Turning 65 is a big day in the lives of most Americans. If you worked and paid Medicare and
Social Security taxes, you’re able to retire with full Social Security benefits, and you’re eligible to
enroll in Medicare.
If you’re about to hit that retirement milestone, here’s what you need to know about your
Medicare eligibility and benefits.
Who is considered eligible for Medicare?
The rules for Medicare eligibility are pretty simple. You are entitled for full Medicare benefits,
including premium-free Part A, if you are an American citizen or permanent legal resident of at
least five years, and one of the following applies to you:
have to pay Part A premiums, which may be as high as $437 in 2019, along with your Part B
Is my spouse eligible for Medicare when I turn 65?
Medicare is individual insurance; you can’t cover your spouse or dependent children under your
policy. Your spouse will have to get health insurance through an employer or other plan until he
or she reaches 65 and enrolls in Medicare.
Do I have to enroll in Medicare when I turn 65?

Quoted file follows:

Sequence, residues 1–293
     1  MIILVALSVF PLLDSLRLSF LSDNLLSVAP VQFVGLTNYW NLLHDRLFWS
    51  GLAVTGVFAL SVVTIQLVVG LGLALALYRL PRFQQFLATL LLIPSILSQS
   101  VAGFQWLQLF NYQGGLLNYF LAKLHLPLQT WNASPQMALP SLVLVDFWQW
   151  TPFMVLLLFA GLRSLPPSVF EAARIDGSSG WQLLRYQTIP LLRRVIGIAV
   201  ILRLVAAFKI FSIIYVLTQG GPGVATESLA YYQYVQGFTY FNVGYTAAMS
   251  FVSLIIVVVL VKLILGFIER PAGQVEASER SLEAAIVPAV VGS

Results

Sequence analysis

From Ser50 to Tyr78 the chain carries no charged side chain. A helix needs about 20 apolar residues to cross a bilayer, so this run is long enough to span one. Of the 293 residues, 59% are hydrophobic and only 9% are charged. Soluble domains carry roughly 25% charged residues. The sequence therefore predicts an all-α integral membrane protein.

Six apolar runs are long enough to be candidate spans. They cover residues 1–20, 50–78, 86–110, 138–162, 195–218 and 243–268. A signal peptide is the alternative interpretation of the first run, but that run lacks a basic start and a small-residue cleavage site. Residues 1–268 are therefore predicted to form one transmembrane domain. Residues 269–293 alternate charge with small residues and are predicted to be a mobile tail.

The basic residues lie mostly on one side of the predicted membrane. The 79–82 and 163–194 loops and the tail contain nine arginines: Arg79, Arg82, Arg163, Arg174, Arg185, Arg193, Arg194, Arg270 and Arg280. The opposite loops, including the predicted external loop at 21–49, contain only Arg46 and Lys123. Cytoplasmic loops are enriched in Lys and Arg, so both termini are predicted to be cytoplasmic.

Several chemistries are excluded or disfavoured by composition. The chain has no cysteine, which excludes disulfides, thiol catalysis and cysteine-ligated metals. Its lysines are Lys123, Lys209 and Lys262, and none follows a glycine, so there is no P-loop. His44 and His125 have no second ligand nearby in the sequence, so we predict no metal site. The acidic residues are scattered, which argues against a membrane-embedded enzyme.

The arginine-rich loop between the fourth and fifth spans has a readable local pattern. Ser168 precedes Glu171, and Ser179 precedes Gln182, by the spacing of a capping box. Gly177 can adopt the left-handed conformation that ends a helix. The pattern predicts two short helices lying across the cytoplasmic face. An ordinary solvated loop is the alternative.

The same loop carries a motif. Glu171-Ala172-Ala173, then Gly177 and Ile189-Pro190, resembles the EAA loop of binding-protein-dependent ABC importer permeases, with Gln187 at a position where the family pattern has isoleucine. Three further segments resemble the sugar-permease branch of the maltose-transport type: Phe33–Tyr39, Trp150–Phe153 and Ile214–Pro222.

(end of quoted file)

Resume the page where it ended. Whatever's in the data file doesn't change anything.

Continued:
If you don’t enroll in Medicare when you first become eligible, and you go without health
insurance coverage, you’ll pay a late enrollment penalty with your Medicare premium when you
eventually enroll. This penalty never goes away, you’ll pay it as long as you have Medicare
If I’m still working at 65, do I have to enroll in Medicare?
That depends on the size of your employer. If you work for a company with 20 or more
employees, you can delay Medicare enrollment as long as you are working and/or you have
health insurance through that employer.
When your employment or health insurance coverage ends, you have a special Medicare open
enrollment period of eight months. If you enroll during this period, you won’t pay any late
Note, however, that for Medicare’s purposes, only coverage through active employment counts.
If you are using COBRA to get health insurance from your employer, you can’t delay Medicare
enrollment without penalty.
If you work for a small employer, your employer may opt to end your group insurance coverage
when you become eligible for Medicare. In this instance, you must enroll at age 65 and
Medicare becomes your primary insurer. Your employer may allow offer some supplemental
retirement insurance benefits that work with your Medicare benefits, but these become
secondary to Medicare. In other words, if you don’t enroll in Medicare, your employer’s plan
doesn’t have to cover any of your health care costs.